Watching DDT is great for language learners because you will learn very useful words like 禁断の大放屁 (“forbidden big fart”)! I laughed when I saw this one, haha! I’m pretty sure this is referring to a recurring spot in just about every explosion match featuring Danshoku Dieno where they blast a fire extinguisher from between his legs. I don’t think I remember Mr. Haku referring to this spot by name before, but I might’ve missed it.

I had a little trouble translating this line from Kuro’s comment: “オマエの名前なんか、クロニタ軍団に入ってたか。” The best I could figure is that he was essentially saying “Was there a name like yours in KurOnita Army?” basically saying that Sanshiro Takagi never belonged in the faction because his name isn’t represented in the name (unlike Kuro and Onita).

I really liked the term 連係技 for referring to tag team moves. I thought it was a really cute term for the concept. I was a little confused by the word 控室, where Yuji Hino was described as returning to after leaving the ring. I guess this is the word for the backstage area where the post-match interviews happen?

The other marquee match was an intergender hardcore match between Shunma Katsumata and TJPW’s Hyper Misao. They actually uploaded this one to youtube, though warning: there’s a little blood in this one, and some hardcore spots involving things like staples and skewers and thumb tacks (画びょう). Not for the faint of heart!

Because of this, I’m linking it instead of embedding it. The match does have Japanese commentary, though!

The backstory behind this one is that Shunma and Misao fought each other in DDT’s latest empty Tokyo Dome rojo show when their teams faced off. Misao doesn’t like Shunma and thinks he’s faking his love of saunas (not only is Shunma in a faction called 37Kamiina (pronounced “sauna kamiina”; he actually manages a sauna in real life), and Shunma doesn’t understand why Misao hates him so much or why she always resorts to underhanded tactics in her matches despite calling herself a hero.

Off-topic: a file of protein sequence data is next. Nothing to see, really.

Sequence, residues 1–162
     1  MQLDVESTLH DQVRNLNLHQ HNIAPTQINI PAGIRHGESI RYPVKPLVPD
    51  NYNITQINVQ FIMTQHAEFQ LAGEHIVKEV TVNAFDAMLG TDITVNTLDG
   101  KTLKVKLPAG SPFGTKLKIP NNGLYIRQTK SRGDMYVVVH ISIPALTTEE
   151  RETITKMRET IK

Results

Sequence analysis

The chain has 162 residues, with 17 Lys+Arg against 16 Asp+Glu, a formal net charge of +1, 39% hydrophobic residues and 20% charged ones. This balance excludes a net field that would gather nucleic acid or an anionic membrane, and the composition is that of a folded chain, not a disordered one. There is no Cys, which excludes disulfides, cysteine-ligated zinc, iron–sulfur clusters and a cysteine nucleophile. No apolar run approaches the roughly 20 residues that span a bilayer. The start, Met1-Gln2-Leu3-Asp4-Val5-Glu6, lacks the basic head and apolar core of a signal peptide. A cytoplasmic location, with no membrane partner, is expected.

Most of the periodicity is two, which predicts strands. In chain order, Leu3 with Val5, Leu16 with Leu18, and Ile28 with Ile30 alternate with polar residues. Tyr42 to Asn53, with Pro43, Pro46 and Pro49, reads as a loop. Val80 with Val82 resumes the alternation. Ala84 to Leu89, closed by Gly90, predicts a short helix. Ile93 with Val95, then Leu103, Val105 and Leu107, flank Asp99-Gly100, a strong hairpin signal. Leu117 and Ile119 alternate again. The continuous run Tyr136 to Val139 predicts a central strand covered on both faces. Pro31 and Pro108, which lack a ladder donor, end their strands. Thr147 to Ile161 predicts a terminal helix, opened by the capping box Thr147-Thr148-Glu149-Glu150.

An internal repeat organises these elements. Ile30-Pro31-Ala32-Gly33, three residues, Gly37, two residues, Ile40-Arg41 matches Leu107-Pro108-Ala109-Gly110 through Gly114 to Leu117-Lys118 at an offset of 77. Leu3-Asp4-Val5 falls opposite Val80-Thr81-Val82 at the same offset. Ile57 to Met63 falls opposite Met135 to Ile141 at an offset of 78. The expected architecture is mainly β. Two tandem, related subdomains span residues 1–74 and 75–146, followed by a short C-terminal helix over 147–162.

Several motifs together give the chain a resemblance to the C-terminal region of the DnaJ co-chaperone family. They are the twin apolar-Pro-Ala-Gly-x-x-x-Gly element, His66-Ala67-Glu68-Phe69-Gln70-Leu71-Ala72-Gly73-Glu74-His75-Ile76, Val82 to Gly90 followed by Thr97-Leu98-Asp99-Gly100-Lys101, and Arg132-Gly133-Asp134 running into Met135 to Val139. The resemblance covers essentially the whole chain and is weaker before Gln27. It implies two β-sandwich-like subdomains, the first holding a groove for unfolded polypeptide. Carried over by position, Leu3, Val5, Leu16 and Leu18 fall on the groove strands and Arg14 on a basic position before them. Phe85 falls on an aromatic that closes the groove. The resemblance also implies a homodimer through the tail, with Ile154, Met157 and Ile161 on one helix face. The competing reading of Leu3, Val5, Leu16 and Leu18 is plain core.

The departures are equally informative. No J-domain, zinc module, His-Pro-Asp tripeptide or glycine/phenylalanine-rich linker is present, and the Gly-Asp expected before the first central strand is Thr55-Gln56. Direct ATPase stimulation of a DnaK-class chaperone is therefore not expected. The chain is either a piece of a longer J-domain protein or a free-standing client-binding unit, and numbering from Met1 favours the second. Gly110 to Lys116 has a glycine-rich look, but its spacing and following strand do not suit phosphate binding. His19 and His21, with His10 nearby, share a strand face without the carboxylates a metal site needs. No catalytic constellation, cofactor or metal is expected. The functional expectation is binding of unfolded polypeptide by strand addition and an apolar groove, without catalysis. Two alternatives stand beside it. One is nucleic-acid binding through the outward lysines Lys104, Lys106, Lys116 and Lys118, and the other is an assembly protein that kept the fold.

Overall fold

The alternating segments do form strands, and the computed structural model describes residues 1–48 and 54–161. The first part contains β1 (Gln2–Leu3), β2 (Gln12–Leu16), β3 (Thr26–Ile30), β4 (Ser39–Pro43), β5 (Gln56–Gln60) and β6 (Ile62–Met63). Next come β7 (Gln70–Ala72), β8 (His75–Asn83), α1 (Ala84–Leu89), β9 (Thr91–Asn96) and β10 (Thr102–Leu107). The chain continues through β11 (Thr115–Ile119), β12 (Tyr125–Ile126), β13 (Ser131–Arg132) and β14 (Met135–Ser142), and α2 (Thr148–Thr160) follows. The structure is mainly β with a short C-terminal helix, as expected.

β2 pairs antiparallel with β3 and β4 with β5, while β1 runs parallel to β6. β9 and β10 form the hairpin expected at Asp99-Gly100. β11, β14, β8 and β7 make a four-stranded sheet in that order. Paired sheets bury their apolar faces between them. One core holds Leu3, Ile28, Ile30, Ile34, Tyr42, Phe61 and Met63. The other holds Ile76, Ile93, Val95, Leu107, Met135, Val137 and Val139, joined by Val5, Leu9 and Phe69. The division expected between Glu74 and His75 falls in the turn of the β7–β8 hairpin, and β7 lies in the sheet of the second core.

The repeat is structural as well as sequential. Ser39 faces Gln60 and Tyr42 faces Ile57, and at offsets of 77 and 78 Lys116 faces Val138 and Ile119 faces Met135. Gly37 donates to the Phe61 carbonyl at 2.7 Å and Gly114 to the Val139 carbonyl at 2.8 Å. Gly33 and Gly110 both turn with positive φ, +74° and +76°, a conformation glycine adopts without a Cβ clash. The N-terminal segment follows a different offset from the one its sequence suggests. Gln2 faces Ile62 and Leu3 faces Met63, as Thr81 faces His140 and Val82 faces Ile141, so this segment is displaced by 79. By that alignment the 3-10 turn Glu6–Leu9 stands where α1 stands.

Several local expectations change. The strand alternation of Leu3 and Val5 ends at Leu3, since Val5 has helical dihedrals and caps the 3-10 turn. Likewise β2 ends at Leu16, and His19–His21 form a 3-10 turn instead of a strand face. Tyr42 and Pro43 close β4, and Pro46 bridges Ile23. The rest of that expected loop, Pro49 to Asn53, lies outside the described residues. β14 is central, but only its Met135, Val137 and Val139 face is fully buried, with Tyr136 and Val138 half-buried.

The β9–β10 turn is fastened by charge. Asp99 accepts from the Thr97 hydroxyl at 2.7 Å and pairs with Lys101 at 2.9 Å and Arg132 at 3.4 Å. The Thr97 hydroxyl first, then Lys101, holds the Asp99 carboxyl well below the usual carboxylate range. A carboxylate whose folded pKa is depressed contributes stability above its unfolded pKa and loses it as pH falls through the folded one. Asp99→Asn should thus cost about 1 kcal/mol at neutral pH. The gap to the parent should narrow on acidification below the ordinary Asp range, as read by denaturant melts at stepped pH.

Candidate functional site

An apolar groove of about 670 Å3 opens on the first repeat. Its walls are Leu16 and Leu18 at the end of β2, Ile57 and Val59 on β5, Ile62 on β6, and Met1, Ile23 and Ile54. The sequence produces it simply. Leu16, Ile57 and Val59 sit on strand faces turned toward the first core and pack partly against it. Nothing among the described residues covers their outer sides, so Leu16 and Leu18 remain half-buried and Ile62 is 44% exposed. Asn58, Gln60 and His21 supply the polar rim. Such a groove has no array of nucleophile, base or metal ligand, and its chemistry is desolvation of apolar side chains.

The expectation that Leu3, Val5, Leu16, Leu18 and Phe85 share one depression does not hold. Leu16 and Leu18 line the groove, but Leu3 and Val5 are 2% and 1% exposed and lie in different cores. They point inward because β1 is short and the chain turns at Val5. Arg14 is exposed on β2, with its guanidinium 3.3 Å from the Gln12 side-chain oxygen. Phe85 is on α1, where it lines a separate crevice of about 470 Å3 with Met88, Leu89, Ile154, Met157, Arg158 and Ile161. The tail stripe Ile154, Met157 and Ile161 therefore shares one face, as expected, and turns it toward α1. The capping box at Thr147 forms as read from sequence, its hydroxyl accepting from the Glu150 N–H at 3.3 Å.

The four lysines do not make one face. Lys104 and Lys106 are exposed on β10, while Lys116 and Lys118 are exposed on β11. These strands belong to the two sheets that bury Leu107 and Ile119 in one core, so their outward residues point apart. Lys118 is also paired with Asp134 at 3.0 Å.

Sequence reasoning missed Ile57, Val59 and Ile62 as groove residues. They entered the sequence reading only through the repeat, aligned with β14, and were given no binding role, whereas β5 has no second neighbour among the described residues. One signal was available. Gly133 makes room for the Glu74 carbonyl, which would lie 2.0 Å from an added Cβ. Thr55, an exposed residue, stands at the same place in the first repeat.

Shunma has done loads of hardcore matches (his trademark weapon is legos, and he always carries a lego bat). This one is Misao’s very first. However, Misao, like Hikari Noa, and like many other wrestlers, is heavily inspired by Jun Kasai (he’s actually not only the reason why she became a wrestler, but also basically gave her a reason to live). So there’s a part of her that has always been drawn to hardcore wrestling.

After the match, Misao thanked Shunma for showing her the beautiful gateway to hardcore wrestling, and Shunma said something that stumped me, haha! He said, “またどこで会うかわからないですけど、お互いに自分の星を守って。” I could not for the life of me figure out how to translate 星 in this. My best guess is that he was saying that they each have to protect their own “planet”, referring to DDT for Shunma, and TJPW for Misao (she always refers to herself as a hero protecting love and peace in TJPW, and Shunma says that he will protect the DDT ring as a hero). But I don’t know, maybe I’m missing some other nuance or meaning of 星!

There are a couple other DDT things I want to link, but I think I’ll save that for another post. I will also try to eventually link some other stuff that is not DDT, but DDT has been monopolizing more of my time/energy lately because I’ve been having to put substantially more work into it in order to follow the stories. I’m learning a lot of words, though, so it’s been good practice :blush: